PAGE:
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Originally published March 23 2014

Men's phthalate exposure associated with fertility problems

by Jonathan Benson, staff writer

(NaturalNews) A class of chemicals commonly used in plastics, food packaging and personal care products like shampoos and fragrances has been shown in a new study to obstruct the ability of men to get women pregnant. Research funded by the U.S. National Institutes of Health (NIH) found that, compared to men not exposed to phthalates, those who are tend to have a much more difficult time conceiving, likely due to the chemicals' hormone-disrupting effects.

Published in the American Society of Reproductive Medicine journal Fertility and Sterility, the new study looked at 500 couples trying to get pregnant. Each couple was tested for 14 different phthalate metabolites, as well as for bisphenol-A (BPA), the infamous plastics chemical that numerous studies have found cause endocrine disruption, reproductive problems, delayed or disrupted maturation of egg cells, and even hindered growth and development of reproductive organs.

Each couple involved in the study was instructed to keep a journal logging how often and when the two partners engaged in sexual intercourse with each other, as well as the timing of the woman's menstrual cycles and any pregnancy tests that she took. Utilizing high-performance liquid chromatography combined with electrospray triple-quadrupole mass spectrometry, the research team evaluated each couple until either a positive human-chorionic gonadotropin pregnancy test was achieved or the woman went through 12 menstrual cycles without achieving pregnancy.

This data was then compiled with data on levels of phthalates and BPA to look for any correlations between exposure to the chemicals and difficulties getting pregnant. Based on this approach, it was determined that men exposed to three phthalates in particular -- monomethyl, mono-n-butyl and monobenzyl phthalates -- had an average reduction in fecundity, or the ability to produce offspring, of about 20 percent.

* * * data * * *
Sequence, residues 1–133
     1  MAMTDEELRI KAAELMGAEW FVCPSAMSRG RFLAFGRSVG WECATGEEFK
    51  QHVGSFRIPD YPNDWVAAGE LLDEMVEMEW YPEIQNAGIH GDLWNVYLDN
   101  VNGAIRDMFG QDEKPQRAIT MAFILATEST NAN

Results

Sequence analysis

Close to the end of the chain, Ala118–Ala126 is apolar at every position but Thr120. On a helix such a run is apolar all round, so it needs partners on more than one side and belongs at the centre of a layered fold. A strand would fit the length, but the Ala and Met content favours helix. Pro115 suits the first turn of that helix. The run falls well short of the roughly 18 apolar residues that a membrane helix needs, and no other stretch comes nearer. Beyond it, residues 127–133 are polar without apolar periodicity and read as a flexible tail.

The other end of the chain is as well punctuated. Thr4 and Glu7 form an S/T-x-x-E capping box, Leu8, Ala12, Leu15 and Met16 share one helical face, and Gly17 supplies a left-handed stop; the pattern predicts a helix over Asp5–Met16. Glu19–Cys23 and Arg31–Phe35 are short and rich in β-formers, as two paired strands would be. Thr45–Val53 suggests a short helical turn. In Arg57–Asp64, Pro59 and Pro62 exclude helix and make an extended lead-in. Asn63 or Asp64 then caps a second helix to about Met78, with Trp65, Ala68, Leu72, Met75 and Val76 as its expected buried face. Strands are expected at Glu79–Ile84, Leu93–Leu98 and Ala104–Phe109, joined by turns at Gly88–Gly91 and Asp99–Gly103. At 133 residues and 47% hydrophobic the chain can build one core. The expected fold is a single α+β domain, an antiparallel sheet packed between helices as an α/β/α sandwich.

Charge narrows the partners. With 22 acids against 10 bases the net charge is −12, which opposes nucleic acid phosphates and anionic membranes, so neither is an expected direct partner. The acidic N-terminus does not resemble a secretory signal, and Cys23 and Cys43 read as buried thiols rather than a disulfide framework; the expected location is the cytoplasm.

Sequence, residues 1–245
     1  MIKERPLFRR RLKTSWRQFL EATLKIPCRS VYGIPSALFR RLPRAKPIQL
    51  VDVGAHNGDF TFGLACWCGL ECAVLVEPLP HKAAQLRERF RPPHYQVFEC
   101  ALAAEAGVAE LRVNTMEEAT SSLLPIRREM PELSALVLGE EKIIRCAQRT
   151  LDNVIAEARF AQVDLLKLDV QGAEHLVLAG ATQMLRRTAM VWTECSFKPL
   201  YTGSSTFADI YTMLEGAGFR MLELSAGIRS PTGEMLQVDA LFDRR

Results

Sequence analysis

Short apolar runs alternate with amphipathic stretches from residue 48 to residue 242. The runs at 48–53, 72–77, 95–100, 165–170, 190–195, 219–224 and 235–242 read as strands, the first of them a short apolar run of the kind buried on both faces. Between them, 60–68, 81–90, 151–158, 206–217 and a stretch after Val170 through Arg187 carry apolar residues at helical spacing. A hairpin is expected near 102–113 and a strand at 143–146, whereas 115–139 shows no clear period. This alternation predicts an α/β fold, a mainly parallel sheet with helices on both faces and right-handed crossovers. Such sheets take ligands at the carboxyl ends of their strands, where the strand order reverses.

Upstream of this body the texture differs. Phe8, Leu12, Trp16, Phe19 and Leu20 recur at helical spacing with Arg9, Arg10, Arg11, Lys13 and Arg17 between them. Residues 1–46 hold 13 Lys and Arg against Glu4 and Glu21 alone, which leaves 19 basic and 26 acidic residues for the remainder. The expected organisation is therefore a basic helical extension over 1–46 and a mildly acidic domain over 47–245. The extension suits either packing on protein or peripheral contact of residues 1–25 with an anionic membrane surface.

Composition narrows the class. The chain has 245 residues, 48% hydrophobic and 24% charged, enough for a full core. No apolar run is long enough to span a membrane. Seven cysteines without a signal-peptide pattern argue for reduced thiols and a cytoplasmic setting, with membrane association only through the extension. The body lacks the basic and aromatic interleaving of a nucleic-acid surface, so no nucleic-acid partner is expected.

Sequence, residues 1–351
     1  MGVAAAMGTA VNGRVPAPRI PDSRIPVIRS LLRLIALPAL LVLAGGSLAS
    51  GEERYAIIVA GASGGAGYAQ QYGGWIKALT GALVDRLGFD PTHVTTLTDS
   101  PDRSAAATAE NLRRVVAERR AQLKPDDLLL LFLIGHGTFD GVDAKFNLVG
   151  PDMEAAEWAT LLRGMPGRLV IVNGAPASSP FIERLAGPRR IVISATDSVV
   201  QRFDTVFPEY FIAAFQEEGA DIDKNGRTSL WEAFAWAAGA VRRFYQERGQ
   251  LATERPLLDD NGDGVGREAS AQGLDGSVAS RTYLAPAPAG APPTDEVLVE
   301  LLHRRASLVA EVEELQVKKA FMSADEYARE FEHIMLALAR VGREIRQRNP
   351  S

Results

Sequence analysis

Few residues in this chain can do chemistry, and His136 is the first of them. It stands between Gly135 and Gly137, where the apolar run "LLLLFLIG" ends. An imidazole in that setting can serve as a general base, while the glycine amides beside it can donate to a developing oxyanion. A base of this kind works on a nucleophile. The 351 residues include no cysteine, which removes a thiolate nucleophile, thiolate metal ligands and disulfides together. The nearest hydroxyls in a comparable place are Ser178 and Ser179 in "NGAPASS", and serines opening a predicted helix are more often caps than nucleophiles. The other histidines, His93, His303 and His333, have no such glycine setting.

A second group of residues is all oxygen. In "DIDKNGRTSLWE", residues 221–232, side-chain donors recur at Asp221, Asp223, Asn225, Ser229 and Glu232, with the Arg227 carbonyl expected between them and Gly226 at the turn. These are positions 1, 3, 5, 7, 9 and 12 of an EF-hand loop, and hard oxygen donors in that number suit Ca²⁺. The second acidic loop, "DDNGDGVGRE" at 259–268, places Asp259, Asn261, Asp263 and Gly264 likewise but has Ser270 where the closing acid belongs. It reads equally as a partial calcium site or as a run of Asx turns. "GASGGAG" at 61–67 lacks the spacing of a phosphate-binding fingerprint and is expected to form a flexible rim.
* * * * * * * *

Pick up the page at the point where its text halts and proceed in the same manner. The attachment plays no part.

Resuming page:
"[E]xposure to certain phthalates can reduce the chance of conception for otherwise healthy couples," said study author Germaine Buck Louis, director of population health research at NIH, in a statement about the study. "The delays in pregnancy we saw were comparable to those seen for cigarette smoking, or with obesity."

You can view an abstract of the new study here:

Mainstream media hypocrisy puts millions at risk of hormone damage

While the new research focuses specifically on how phthalates affect men, earlier studies have found similar outcomes in women exposed to phthalates. Back in November, for instance, a study out of Boston found that phthalate-exposed women who successfully get pregnant are more likely than non-exposed women to have a preterm delivery.

After testing a group of 130 women who had given birth early for common phthalates such as DEHP (di-2-ethylhexyl phthalate) and comparing this data to birth times among non-exposed women, the research team learned that women with the highest levels of phthalate metabolites in their urine are up to 500 percent more likely than other women to deliver their babies early.

"For women who are interested in reducing their exposure, reducing use of personal care products, buying phthalate-free [products] when possible, and eating fresher foods may help," says John Meeker, an associate professor of Environmental Health Sciences at the University of Michigan (UM) School of Public Health, one of the authors of the aforementioned study.

And yet, this and other evidence demonstrating the harm caused by exposure to phthalates and BPA is constantly minimized or denied by many health authorities and the mainstream media, which have a reputation for catering to chemical industry interests. When it comes to hormone-mimicking chemicals, the jury is always out no matter what the evidence, and the public left in the dark.

"All citizens ought to be given full information about properties of chemicals in the products they buy," stated Christian Schaible, Chemicals Policy Officer at the European Environmental Bureau, following the publishing of an independent study back in 2010 that revealed the presence of phthalates in common pencil cases.

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